Human Rights Watch (HRW) has accused South Sudanese government forces and the rebels of killing civilians based on their ethnicity. DW spoke to Skye Wheeler, a researcher for Human Rights Watch in South Sudan.
DW: Appalling crimes have been committed against civilians for no other reason than their ethnicity," Daniel Bekele, Africa director at Human Rights Watch said in a recent statement - how did HRW come to such a conclusion?
Sky Wheeler: We spent a good potion of time in Juba and Equatoria over the last couple of weeks and we have talked to around 200 victims who are also witnesses and the picture we got from all of this is a real horrific one. We have seen cases where civilians have been targeted or killed or arrested or beaten for no reason rather than their ethnicity. It is a very sad and disturbing dimension of this conflict which currently is happening in South Sudan. It is in Juba in the capital where dozens of Nuer men were rounded up, taken to a room. They were around three hundred people in a room and the police shot through the windows and killed almost everyone, that's definitely a single case that we have come across. But there were many other cases as well, where men were targeted and killed in the capital.
You have appealed to both sides to stop human rights violations -Do you intend to bring those who committed atrocities to justice?
What we would like to see is a wholly impartial international investigation into human rights violations that have been taking place in this conflict. It was very good to see last December that the African Union called for a commission of inquiry to investigate human rights violation during this crisis. That was a very speedy decision from the AU part. What would be great is to create a joint force with the UN. The UN has a lot of experience and expertise. They have technical people who could do the investigative work. I think this will be a very important step to take together with international community as a whole, ensuring that they use all the leverage they have with both leaders in the government, the rebels and the anti-government forces to ensure that attacks against civilians immediately end.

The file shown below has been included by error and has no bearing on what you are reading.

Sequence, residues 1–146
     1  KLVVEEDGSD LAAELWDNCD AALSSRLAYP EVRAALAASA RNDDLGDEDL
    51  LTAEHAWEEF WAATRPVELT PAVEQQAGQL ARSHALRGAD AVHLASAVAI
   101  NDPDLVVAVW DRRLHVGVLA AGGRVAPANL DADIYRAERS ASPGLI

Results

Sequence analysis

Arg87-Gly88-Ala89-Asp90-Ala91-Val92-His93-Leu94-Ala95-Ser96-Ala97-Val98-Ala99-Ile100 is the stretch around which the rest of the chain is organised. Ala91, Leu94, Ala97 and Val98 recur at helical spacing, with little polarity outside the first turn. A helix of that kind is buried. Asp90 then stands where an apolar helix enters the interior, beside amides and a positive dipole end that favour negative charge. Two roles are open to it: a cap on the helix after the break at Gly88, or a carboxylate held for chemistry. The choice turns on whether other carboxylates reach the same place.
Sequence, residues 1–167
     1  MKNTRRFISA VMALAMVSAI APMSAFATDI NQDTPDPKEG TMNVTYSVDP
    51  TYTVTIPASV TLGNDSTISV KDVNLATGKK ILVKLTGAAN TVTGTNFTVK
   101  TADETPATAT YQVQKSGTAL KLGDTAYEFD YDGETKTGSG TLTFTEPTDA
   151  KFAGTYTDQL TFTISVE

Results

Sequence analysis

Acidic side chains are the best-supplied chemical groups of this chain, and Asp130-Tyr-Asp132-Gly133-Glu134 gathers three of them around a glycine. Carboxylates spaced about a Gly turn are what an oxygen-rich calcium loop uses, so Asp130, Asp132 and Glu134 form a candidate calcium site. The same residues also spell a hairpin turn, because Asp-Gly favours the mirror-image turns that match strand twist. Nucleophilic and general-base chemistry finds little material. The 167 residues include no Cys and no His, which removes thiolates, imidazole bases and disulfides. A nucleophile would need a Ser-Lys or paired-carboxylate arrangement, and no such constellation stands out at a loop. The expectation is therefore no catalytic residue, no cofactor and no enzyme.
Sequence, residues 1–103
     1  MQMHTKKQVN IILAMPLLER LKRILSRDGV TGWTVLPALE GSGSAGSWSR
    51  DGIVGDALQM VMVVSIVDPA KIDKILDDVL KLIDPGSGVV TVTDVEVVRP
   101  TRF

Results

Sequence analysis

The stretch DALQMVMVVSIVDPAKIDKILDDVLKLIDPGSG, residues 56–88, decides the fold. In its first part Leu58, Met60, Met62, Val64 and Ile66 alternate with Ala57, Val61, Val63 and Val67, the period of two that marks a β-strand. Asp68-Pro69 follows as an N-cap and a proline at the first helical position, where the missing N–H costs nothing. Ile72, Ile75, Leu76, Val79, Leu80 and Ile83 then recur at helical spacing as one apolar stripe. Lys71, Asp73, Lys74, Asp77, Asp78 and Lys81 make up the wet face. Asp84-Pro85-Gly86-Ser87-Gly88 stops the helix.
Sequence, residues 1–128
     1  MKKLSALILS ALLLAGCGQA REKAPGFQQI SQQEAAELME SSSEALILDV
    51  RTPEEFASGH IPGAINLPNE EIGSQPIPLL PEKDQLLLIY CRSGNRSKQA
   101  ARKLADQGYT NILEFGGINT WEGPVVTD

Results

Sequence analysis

The International Crisis Group estimated that South Sudan's death toll could be as high as 10,000. What is your take on that?
We don't know how many people have been killed in this conflict. We don't have a complete figure; this is not what we Human Rights Watch would do. We hope that the UN will put out a figure with a good estimate. They have said that the figure is much higher than they estimated 1,000 at the end of the first week of the conflict. This conflict is over four weeks old. We have seen ongoing conflicts in the eastern part of the country including attacks from big towns. I am sure the figure will be very high.
There have been some mild comparisons between South Sudan and Rwanda. Do you think that the situation now in South Sudan could eventually if not handled may be turn into something like what happened in Rwanda?
The conflict began because of political tensions. It is a different context and a different situation to what happened in Rwanda. Having said that these ethnic tensions and ethnic attacks are very real and it is urgent that South Sudanese civil society, the government and the leaders from all different parts of the society, also regional leaders and international community, throw their weight behind and find a solution to end this crisis. There are peace negotiations happening now between the government and the anti-government leaders, but until now they have not managed to produce any kind of tangible results. Pressure should be put on both sides to ensure that civilians will be protected whatever happens in the near future.
Interview: Chrispin Mwakideu